Disable App Nap in macOS

September 15, 2016

Disable App Nap in macOS

I am currently writing an app for OS X that is going to controlling my new Philips Hue lights. At one point I have noticed that the speed of the process my app does drops significantly after some period of time in case a window of the app in minimized or not visible on the screen.
I knew what might be the issue - App Nap feature of macOS. An urge to disable app nap was quite natural.
Here is how to turn it off as well as some hints.

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ProcessInfo

In order to prevent app nap you have to inform the system about you performing some work which should not be interrupted by the OS i.e. putting your application into a 'nap'. To do that you use ProcessInfo class.
I strongly encourage you to go ahead and read the documentation on what this class can do for you as I am going to concentrate only on the problem you might encounter - "I called the proper methods, why does my app still goes into a nap mode?!". This type of question.

Prevent App Nap

First of all you have to make a property in your class that is going to hold an instance of NSObjectProtocol - an object token representing the activity. Then you call beginActivity(options:reason:) method to disable app nap. After you are done and you want to save some energy - you end your activity by calling endActivity() method to notify the system.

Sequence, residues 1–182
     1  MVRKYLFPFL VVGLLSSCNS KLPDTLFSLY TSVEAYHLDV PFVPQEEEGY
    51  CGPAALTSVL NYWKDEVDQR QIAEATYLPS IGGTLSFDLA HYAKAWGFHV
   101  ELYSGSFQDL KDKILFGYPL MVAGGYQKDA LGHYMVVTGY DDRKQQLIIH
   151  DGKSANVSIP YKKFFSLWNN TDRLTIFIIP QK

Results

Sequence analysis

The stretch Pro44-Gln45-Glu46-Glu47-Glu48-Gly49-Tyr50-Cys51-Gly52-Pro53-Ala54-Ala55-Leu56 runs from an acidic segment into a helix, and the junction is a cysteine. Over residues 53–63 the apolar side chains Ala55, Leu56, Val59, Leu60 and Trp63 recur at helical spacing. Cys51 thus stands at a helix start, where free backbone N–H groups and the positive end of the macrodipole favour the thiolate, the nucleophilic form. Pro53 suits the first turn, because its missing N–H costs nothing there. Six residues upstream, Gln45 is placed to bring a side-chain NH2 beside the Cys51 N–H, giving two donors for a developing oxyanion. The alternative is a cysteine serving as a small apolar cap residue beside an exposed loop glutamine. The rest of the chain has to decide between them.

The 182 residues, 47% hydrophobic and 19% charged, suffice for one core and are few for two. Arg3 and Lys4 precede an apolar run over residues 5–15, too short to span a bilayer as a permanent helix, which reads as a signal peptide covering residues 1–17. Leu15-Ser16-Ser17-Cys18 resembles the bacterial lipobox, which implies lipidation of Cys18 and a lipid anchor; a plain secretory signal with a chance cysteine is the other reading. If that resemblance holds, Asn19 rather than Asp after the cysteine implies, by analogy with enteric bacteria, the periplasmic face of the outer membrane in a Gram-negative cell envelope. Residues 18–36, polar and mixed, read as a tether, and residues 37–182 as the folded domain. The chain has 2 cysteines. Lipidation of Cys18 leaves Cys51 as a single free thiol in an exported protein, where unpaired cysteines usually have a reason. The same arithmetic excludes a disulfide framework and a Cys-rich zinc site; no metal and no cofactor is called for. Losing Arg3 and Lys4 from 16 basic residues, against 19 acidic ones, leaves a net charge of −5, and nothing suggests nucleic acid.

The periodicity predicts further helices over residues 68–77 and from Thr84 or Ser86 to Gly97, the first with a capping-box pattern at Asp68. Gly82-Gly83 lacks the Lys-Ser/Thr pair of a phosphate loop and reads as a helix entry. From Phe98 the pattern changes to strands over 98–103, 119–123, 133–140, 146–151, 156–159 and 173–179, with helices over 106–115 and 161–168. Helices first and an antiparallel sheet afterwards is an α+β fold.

var activityToken: NSObjectProtocol?

func yourMethod() {
    let options = [.AutomaticTerminationDisabled, .UserInitiated, .latencyCritical] // as an example
    activityToken = ProcessInfo.processInfo().beginActivityWithOptions(options, reason: "Your Good Reason")

    /* do some work */

    ProcessInfo.processInfo().endActivity(activityToken)
}

Me personally - I didn't want to endActivity. Never. I am a bad boy, I know, but the idea of this application is to have it at full power all the time. So I have omitted the return value of the beginActivityWithOptions method thinking that it works as a trigger, as well as not calling endActivity() method. But no. I was wrong.

You have to keep the returning object for as long as you want App Nap feature to be disable.

After I have done this with a class property to which I assign the returning object - the system stopped putting my app into a nap mode. Profit!

Goodies

There is another cool method you should consider using: performActivity(options:reason:using:).
This method is used with a closure where you put your stuff that has to be done without being interrupted by the nap mode. As soon as the closure returns - activity process is being terminated and the system can put your app into the nap mode.

Conclusion

Sometimes this might be necessary but you shouldn't abuse this class, be a good citizen, preserve Mac's battery by allowing the system to put your app into a nap.

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